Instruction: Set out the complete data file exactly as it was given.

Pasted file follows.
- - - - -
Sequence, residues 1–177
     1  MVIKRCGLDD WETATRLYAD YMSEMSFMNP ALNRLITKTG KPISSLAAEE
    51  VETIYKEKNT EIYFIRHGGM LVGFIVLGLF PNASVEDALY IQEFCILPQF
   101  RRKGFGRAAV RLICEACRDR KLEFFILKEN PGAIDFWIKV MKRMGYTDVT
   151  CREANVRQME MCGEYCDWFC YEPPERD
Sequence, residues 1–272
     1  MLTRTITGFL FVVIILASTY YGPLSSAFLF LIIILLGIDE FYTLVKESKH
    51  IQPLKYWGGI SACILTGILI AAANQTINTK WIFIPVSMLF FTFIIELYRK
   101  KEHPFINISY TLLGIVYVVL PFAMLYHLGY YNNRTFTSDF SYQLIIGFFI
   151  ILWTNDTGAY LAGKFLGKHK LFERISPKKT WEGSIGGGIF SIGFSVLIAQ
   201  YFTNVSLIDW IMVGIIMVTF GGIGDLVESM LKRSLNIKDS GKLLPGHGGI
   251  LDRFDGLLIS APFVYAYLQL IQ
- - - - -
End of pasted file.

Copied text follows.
Sequence, residues 1–177
     1  MVIKRCGLDD WETATRLYAD YMSEMSFMNP ALNRLITKTG KPISSLAAEE
    51  VETIYKEKNT EIYFIRHGGM LVGFIVLGLF PNASVEDALY IQEFCILPQF
   101  RRKGFGRAAV RLICEACRDR KLEFFILKEN PGAIDFWIKV MKRMGYTDVT
   151  CREANVRQME MCGEYCDWFC YEPPERD
Sequence, residues 1–272
     1  MLTRTITGFL FVVIILASTY YGPLSSAFLF LIIILLGIDE FYTLVKESKH
    51  IQPLKYWGGI SACILTGILI AAANQTINTK WIFIPVSMLF FTFIIELYRK
   101  KEHPFINISY TLLGIVYVVL PFAMLYHLGY YNNRTFTSDF SYQLIIGFFI
   151  ILWTNDTGAY LAGKFLGKHK LFERISPKKT WEGSIGGGIF SIGFSVLIAQ
   201  YFTNVSLIDW IMVGIIMVTF GGIGDLVESM LKRSLNIKDS GKLLPGHGGI
   251  LDRFDGLLIS APFVYAYLQL IQ